I read the rest of this interview with James Baldwin from The Paris Review this morning, and aside from there being many segments on writing, racism, and figuring out what life is about , the following section really struck me and I thought about it all during my morning run.
Yes, before 1968, you said, “I love America.”
Long before then. I still do, though that feeling has changed in the face of it. I think that it is a spiritual disaster to pretend that one doesn’t love one’s country. You may disapprove of it, you may be forced to leave it, you may live your whole life as a battle, yet I don’t think you can escape it. There isn’t any other place to go—you don’t pull up your roots and put them down someplace else. At least not in a single lifetime, or, if you do, you’ll be aware of precisely what it means, knowing that your real roots are always elsewhere. If you try to pretend you don’t see the immediate reality that formed you I think you’ll go blind.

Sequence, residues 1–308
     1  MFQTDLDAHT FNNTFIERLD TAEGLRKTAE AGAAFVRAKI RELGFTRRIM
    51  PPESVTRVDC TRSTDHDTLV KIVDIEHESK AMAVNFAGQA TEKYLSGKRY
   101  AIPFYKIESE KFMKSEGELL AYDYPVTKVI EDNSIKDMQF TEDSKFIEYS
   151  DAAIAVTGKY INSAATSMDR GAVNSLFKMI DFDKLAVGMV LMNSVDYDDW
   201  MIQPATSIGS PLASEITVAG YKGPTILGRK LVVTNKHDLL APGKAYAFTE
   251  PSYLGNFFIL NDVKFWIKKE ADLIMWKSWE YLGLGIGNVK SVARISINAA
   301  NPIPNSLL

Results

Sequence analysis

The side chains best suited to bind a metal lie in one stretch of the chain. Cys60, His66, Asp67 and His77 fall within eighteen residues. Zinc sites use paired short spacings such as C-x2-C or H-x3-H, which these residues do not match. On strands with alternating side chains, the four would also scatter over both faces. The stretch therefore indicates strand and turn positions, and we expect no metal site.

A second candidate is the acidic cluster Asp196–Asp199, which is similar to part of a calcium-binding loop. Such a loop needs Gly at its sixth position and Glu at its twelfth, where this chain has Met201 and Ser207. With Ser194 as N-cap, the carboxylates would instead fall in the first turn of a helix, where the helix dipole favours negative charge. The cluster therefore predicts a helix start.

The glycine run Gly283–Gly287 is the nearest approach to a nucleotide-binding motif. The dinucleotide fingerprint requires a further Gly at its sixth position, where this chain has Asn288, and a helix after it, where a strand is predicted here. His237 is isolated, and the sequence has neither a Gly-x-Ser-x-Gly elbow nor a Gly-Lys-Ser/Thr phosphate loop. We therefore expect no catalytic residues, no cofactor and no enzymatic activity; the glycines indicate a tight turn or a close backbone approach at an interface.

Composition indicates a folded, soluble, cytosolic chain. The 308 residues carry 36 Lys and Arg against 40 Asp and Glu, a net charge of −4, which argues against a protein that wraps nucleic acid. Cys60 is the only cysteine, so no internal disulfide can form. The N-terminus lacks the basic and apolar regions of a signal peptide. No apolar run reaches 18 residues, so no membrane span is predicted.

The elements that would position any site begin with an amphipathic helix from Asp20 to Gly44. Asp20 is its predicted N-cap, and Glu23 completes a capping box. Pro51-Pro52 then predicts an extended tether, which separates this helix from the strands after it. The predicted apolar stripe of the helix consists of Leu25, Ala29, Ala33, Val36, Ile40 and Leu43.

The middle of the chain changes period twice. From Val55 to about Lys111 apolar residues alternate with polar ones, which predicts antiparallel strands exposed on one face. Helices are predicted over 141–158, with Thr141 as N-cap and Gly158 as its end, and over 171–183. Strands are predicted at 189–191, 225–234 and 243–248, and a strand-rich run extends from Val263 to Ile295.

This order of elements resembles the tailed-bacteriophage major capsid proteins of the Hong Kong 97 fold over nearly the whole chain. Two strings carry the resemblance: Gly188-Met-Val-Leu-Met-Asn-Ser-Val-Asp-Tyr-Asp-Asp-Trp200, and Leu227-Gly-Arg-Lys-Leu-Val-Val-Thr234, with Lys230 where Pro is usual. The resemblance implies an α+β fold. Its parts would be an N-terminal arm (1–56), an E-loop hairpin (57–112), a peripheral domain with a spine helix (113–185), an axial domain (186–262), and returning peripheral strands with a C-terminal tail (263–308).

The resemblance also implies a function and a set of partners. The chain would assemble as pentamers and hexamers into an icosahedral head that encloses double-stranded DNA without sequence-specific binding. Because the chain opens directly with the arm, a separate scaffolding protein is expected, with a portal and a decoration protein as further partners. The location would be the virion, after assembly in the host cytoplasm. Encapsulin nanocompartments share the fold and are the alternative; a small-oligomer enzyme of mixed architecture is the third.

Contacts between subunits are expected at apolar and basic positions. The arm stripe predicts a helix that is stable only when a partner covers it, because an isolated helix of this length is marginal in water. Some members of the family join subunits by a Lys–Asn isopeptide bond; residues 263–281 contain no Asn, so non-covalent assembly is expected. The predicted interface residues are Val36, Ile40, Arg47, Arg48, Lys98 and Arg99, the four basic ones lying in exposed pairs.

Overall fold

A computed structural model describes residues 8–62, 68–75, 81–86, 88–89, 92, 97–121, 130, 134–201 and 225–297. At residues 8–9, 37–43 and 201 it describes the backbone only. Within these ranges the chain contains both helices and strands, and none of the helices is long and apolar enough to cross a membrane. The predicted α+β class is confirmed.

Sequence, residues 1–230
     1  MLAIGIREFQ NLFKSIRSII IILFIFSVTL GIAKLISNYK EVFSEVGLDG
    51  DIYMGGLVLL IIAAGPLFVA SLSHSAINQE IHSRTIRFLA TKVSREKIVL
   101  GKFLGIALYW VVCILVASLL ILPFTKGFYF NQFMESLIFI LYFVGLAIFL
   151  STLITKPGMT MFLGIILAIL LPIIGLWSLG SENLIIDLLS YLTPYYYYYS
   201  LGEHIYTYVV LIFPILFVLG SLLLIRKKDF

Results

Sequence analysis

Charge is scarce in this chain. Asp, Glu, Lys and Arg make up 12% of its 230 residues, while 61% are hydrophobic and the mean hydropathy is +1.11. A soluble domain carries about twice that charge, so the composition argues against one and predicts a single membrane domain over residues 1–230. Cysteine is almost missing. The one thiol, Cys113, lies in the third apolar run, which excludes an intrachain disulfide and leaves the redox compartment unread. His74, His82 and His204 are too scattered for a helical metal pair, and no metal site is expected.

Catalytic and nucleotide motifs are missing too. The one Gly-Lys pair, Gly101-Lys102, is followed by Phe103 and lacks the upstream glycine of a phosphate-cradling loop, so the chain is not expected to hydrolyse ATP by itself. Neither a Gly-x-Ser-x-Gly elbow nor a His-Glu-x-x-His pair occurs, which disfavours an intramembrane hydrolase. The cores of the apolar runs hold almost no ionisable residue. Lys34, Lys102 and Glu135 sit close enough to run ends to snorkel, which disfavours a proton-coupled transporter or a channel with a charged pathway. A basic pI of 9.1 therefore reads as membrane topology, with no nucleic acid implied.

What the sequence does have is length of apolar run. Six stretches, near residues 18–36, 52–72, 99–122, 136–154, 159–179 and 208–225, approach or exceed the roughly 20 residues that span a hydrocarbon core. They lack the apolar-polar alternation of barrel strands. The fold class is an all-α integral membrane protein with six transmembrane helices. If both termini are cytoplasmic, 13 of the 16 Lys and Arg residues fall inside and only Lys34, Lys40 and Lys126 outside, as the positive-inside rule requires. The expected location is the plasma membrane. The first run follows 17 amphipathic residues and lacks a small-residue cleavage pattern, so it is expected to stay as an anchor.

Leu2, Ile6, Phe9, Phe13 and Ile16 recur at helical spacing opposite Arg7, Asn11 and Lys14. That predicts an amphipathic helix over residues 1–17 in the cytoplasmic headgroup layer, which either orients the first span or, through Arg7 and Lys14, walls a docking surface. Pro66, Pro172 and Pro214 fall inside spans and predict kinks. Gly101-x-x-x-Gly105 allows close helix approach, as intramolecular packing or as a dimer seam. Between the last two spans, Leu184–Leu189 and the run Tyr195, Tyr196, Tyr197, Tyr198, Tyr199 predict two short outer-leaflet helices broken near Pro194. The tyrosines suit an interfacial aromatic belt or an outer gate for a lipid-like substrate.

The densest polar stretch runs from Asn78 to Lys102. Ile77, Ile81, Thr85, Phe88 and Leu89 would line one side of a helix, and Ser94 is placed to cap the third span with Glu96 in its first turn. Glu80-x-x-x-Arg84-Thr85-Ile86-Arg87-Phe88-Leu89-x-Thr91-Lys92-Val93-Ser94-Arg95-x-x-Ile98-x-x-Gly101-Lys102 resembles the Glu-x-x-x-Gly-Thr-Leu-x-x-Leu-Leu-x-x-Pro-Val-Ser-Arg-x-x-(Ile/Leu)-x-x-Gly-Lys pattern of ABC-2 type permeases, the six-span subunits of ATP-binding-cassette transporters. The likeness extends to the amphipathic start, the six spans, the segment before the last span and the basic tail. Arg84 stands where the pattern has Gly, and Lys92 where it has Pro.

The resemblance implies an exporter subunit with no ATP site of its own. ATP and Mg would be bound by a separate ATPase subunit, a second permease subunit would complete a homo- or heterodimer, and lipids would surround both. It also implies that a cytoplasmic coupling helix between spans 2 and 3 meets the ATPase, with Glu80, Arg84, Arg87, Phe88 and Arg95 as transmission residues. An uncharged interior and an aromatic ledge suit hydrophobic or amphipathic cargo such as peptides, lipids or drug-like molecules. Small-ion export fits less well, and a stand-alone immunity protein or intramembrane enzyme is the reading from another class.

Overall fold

Prior to moving to Scotland, I never really thought much about whether I loved my country or not, and was not sure what I would think about it after I left. I suppose I didn’t think I would think anything different necessarily, just that I would know something more about another place.
But as time goes on and I am away and am trying to get to know Scotland more, I am also able to better sense the “reality that formed me” as being rooted in the US, and that the people here are not of the same reality. Despite the blights and troubles, I guess I am feeling what Baldwin is referring to when he describes a love for one’s country as inescapable.
That’s not to say we’ll be back tomorrow, or anytime soon. There is still a lot more to learn out here beyond the confines of the states. But if you were to ask me if I miss anything now that I have moved I would have to say that I miss being in a place I know as deeply as my home.
In honor of that, maybe because of that, my wife and I made sure to register to vote tonight.